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Get Those Kids Cooking!

here’s nothing like the holidays to spend time with kids in the kitchen. With vacation days at home, and family to help, it’s a great time to involve kids in the cooking process. While cooking with kids can be messy, it’s also quite fun and creates unbelievable memories. And, bonus, it’s a great way to teach nutrition on the sly. Little ones love to help. The question that often arises is: What are they able to do when?

My son was in the kitchen with me from the time he was born. And today, at age 25, he’s a much better cook than I am. He has absolutely no fear in the kitchen. He experiments, combining flavors and textures in ways I would never dream of. In fact, I have been encouraging him for years to become a professional chef. He says it would take the fun out of it. I disagree—but I learned years ago, no matter what their age, they make up their own minds.

So, when do you involve kids in the process? As soon as you can! We have a stool in our kitchen; it’s one of those that you can climb up on and kids as young as 2 can help scrub potatoes and vegetables. They can tear lettuce for salads. They can snap peas and break up pretzels for a crust. They can try juicing a lemon. Whatever the kids do at this point is teaching them about food and really expanding their palates, as they love to eat the food they helped prepare.

By the time they are 3, and they have a little bit more motor control, they can spread something soft onto bread or fruit. A 3-year-old can shake a vinaigrette dressing. They can mix up a batter, and, if you can handle a little mess in the kitchen, they can crack eggs. They LOVE to do that. And why not? Cracking an egg teaches about fragile items, and comes with a surprise in the center.

At age 4, children have the strength to shuck corn (that’s always a kid’s job at my house!) and to mash potatoes with a masher. They can peel oranges and bananas, and with lots of supervision they can do some grating. I prefer not to give them a box grater but a crank grater for cheese.

By 5, your little helpers are just that: true helpers. At this stage, they can set the table. They can make the salad. They can knead dough, use the mixer (again, all with supervision), grease and flour pans, and—OK, I’m going to say it—they should be working on knife skills.

Now I’m expecting the emails and phone calls. Listen, it’s up to you. It’s your child. And your comfort level. You know their motor skill set and their distractibility.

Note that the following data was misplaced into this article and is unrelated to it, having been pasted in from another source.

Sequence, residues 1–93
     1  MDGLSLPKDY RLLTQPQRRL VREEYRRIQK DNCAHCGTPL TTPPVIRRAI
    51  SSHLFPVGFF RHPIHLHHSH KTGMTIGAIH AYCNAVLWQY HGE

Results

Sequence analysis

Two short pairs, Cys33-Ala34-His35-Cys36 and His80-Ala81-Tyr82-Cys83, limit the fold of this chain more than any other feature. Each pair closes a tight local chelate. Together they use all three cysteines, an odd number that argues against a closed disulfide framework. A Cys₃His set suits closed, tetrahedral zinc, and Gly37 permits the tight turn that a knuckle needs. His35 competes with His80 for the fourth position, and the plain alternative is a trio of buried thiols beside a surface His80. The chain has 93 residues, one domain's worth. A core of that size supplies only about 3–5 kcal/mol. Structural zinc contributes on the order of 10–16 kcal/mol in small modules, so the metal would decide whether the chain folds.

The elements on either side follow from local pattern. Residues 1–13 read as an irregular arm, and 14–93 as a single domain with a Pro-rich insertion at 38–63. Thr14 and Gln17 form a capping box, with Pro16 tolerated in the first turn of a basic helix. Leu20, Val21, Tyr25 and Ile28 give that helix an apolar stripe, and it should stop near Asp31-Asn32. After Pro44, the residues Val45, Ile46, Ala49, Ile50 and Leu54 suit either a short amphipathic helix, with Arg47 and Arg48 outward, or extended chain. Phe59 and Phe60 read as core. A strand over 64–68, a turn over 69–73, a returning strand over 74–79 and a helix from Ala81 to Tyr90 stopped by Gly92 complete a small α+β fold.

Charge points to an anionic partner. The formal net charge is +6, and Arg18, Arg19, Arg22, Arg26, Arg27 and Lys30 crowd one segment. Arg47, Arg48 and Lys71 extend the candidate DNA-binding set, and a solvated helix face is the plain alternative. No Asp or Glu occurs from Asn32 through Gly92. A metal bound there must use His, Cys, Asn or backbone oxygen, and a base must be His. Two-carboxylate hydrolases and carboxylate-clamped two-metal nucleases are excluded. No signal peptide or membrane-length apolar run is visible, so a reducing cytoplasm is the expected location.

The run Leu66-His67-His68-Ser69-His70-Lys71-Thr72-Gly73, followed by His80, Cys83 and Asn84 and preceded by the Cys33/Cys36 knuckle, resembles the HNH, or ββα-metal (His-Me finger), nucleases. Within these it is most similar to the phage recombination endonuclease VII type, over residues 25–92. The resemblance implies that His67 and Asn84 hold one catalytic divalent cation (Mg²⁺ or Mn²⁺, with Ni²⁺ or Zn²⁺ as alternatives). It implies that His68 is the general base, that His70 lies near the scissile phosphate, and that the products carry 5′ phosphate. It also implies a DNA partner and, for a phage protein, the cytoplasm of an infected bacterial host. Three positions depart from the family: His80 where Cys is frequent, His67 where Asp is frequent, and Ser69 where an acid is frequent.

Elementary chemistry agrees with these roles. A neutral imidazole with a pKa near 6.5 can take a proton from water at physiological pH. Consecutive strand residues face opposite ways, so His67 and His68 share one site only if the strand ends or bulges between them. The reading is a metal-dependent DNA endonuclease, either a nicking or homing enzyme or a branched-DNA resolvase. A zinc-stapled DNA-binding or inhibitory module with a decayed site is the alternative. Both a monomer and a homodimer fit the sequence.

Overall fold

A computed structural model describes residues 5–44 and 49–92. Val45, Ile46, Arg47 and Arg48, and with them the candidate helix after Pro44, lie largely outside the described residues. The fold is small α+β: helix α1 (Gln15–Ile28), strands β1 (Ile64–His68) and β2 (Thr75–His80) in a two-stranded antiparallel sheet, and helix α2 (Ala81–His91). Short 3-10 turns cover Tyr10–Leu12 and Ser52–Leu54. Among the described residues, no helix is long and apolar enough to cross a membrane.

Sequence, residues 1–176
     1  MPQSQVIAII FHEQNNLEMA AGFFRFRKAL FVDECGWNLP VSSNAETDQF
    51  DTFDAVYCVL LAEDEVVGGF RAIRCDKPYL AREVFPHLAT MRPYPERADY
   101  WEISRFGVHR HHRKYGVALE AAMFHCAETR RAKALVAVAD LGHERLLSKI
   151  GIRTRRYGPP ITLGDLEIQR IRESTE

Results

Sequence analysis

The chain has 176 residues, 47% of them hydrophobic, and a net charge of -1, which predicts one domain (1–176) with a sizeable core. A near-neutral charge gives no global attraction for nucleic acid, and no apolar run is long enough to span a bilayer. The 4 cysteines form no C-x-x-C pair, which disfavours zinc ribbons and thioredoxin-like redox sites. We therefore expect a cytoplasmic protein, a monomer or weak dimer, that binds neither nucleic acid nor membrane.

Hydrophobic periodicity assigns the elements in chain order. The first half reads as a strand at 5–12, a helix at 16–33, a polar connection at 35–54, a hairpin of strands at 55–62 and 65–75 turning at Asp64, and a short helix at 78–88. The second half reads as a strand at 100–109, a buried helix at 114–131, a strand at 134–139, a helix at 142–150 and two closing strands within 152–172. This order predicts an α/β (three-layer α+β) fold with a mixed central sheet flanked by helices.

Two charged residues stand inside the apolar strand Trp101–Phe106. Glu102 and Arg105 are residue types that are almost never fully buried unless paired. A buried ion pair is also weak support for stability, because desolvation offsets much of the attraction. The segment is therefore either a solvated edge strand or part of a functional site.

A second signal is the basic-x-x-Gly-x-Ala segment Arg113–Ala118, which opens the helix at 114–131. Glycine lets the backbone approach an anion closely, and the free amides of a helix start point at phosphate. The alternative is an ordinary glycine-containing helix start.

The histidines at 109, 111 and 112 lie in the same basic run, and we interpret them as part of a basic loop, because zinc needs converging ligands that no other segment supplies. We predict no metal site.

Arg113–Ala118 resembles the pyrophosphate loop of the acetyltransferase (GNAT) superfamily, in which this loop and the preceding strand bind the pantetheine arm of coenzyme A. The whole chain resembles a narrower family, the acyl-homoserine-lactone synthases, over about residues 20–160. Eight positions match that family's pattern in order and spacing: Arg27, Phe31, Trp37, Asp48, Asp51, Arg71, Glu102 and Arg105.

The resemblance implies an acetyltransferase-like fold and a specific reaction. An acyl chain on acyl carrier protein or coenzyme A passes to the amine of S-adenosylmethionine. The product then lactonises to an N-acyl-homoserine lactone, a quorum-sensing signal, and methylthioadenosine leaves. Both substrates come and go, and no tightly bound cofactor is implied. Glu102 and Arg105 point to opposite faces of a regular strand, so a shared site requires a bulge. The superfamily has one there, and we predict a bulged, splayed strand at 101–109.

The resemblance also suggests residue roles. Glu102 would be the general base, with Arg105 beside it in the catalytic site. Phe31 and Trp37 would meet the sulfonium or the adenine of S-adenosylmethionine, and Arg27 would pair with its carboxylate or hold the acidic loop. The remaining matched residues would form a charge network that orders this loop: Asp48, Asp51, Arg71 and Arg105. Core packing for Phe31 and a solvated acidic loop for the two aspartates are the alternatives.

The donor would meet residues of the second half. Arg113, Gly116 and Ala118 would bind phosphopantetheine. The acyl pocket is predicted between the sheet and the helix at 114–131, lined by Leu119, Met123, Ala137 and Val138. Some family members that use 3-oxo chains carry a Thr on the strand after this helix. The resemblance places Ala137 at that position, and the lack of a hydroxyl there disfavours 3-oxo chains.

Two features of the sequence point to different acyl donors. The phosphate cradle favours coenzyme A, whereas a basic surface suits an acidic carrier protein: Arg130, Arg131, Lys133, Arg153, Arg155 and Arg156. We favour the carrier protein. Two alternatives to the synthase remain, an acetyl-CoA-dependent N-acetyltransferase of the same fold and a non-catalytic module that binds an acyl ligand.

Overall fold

But I explained knife safety to my son from the very beginning and I guided him from a young age. First we used a table knife to cut blocks of cheese and other softer items. Then, we moved up from the kitchen knife to a sharp knife and cut celery, tomatoes, and more with adult supervision.

Here’s the key: Set them up at the table so they’re not standing on a stool in socks with a sharp knife. And then work with them. Use your hand over theirs to guide them. But let them do it. The sense of pride is worth its weight in gold.

And the ability to learn to feed themselves will be the best gift you can ever give. I know it paid me back in spades when I’d come home and my 12-year-old had prepared an entire dinner and was so very happy to feed his parents. It’s an achievement.

So, for this holiday let’s bring the kids into the kitchen and have them help us make the meal even more special.


Chris Xaver, Ph.D., is a local TV and radio personality with three children and five grandchildren. Her healthy lifestyle show, The Sweet Life, is airing on public television stations nationwide.



Tortilla Roll-Ups

These make great starters for the Thanksgiving meal.


6 whole grain tortillas

6 slices of cold cuts (ham, turkey, salami, etc.)

6 teaspoons whipped cream cheese

6 pickle spears (dill or sweet is your choice)

A handful of tender baby spinach


Have the kids smear the cream cheese on the tortillas completely up to the edges.

Layer a slice of cold cut and a single layer of baby spinach and a pickle spear.

Roll tightly.

Cut into rolls.

Arrange on a plate and serve as appetizers.


Nutter Butter Apples

These, too, make good appetizers, not to mention snacks!


3 apples cored (but not peeled) and sliced into

“doughnut-like” circles ¼ inch thick (depending on age,        the adults might need to do this)

½ cup orange juice

Peanut butter

½ cup chopped nuts (peanuts, almonds, walnuts,

pistachios, etc.)


Soak the apple slices in the orange juice to keep them from turning brown.

Smear with the peanut butter and then “dip”

(or sprinkle) chopped nuts on top. Arrange and serve as

a fantastic fruity appetizer.


© Family Times: The Parenting Guide of Central New York